Recently at work we decided to combine several projects into a single repository. Each project will continue to be published separately, but coordinating cross-project features should be easier. Somebody on the team managed combining the code bases, including outstanding branches.
Somehow I missed the note about when the consolidation would happen, and a local branch I was working on didn't get moved to the monorepo. I had to find a way to move the branch myself. I knew git had facilities to handle this kind of situation, but I had to look up and piece together the particulars.
I started with local copies of both projects in sibling directories (old is
$LEGACY; new is
All of the code from
$LEGACY was moved into
$MONO/packages/legacy and hasn't changed significately. I made sure both projects were up-to-date with our remote server before starting. Below is the process I followed and a few thoughts.
First move into the legacy directory.
Create a numbered patch file for each commit on the target branch.
feature-whatever-idk should be rebased onto
master. Create the patches when you are ready.
git format-patch --numbered master..feature-whatever-idk
You will end up with one patch file per commit in
feature-whatever-idk. Each patch will include the commit metadata (author, message), a diff and the git version that created it. The patch file names will be adapted from the commit subject (first line in message) and prefixed with a zero-padded integer.
Move the patches to
mv 000* ../$MONO cd ../$MONO
master and create a new branch for the patches.
git checkout master git checkout --branch feature-whatever-idk-but-mono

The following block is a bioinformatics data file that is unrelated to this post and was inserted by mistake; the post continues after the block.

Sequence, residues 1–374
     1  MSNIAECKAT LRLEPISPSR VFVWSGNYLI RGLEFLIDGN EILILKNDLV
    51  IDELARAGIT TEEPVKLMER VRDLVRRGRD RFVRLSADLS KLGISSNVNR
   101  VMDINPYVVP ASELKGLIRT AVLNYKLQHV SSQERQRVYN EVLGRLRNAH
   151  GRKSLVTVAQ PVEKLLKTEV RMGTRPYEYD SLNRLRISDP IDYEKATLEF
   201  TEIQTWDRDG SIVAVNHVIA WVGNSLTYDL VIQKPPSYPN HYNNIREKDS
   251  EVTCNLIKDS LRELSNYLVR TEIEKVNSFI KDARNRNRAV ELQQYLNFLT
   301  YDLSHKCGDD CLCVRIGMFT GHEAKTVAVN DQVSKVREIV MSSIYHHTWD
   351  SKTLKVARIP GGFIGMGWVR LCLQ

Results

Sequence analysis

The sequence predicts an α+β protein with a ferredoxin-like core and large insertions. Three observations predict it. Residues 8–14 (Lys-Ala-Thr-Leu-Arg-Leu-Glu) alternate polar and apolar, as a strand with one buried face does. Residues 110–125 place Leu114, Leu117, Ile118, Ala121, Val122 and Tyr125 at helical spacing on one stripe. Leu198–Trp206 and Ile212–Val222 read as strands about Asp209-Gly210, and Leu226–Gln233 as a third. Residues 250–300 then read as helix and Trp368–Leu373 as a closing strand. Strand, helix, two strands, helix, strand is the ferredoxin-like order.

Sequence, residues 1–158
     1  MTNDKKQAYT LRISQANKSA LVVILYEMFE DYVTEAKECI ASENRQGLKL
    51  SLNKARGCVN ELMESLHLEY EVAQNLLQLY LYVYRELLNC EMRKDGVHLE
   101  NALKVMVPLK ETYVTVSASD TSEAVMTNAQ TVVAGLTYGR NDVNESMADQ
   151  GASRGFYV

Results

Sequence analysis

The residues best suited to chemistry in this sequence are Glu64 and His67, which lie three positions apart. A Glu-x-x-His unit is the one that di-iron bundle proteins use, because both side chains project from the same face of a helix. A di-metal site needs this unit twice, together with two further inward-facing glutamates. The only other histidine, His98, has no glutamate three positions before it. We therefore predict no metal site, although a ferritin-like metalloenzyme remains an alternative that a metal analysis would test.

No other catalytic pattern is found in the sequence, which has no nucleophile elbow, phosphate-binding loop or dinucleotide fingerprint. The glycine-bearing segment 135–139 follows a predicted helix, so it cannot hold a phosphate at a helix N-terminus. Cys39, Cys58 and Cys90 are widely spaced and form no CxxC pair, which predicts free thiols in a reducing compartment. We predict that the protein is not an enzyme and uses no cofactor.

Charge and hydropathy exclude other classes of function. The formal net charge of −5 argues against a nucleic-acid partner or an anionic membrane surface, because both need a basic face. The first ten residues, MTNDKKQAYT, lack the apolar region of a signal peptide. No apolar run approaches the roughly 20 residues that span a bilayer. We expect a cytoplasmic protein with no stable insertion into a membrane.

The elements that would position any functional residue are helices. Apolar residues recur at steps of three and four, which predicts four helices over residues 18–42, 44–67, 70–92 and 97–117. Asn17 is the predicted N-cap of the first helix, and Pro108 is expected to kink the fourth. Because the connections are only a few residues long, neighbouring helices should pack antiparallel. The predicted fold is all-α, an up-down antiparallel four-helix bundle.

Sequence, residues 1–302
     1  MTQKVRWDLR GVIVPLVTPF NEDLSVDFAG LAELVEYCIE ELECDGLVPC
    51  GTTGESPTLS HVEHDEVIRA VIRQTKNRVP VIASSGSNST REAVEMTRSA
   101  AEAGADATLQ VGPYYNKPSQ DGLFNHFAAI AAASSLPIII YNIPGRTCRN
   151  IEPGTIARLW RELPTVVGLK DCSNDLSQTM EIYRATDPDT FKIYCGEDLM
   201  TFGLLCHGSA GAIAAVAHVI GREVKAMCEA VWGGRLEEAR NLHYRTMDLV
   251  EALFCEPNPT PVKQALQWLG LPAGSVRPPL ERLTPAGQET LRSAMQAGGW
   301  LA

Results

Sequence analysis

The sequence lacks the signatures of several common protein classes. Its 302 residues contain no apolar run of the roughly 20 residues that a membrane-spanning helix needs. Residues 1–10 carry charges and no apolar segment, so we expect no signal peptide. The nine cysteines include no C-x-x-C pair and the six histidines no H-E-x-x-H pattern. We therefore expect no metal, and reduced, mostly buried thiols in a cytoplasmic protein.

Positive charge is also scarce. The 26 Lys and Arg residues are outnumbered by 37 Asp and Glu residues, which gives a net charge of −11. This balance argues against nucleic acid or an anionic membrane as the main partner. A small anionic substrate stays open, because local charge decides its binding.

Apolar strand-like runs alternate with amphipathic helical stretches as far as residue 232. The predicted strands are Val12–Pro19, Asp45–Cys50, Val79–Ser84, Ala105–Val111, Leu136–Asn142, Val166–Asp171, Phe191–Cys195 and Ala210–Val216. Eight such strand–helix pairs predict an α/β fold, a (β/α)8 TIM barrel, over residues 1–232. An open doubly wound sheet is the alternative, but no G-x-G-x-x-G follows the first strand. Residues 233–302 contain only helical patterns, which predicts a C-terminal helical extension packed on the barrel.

I could use
git apply-patch to apply each patch individually, but I'd have to re-commit each one and copy-paste the commit messages. I want to replay the patches instead, like a cross-repo
git am --directory packages/legacy 000*
(I don't know what
am stands for, but this functionality was meant to allow passing patches across email. Maybe "apply mail"?) Recall the
$LEGACY code was moved into a deep subdirectory, so the file name paths won't match up. I considered editing each patch to prepend the new directory information, but then I stumbled across the
--directory argument. It tells git to prepend
packages/legacy to all the paths in the patches.
In my case there was some inconsequential conflicts in the first patch, and I had to abort (
git am --abort) and start over a few times. Ultimately I edited the patch to remove the conflicting files; everything else applied cleanly.
Remember to clear the file name from the top of the patch if you need to remove its diff. Also be sure to not delete the git version at the bottom of the patch when editing the last file. It looks like this:
<this line is part of the diff, but the next two lines are for the version> -- 2.6.3